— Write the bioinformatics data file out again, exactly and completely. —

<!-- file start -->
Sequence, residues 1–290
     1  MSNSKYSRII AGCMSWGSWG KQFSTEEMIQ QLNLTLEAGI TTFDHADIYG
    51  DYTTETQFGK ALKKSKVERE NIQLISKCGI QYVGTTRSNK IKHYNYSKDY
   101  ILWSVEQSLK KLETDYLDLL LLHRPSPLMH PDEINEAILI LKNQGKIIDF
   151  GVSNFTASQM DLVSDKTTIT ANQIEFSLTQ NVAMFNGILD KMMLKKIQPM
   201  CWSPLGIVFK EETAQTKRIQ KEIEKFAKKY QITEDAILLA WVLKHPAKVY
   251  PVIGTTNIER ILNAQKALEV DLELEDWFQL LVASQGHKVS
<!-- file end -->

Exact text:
Sequence, residues 1–290
     1  MSNSKYSRII AGCMSWGSWG KQFSTEEMIQ QLNLTLEAGI TTFDHADIYG
    51  DYTTETQFGK ALKKSKVERE NIQLISKCGI QYVGTTRSNK IKHYNYSKDY
   101  ILWSVEQSLK KLETDYLDLL LLHRPSPLMH PDEINEAILI LKNQGKIIDF
   151  GVSNFTASQM DLVSDKTTIT ANQIEFSLTQ NVAMFNGILD KMMLKKIQPM
   201  CWSPLGIVFK EETAQTKRIQ KEIEKFAKKY QITEDAILLA WVLKHPAKVY
   251  PVIGTTNIER ILNAQKALEV DLELEDWFQL LVASQGHKVS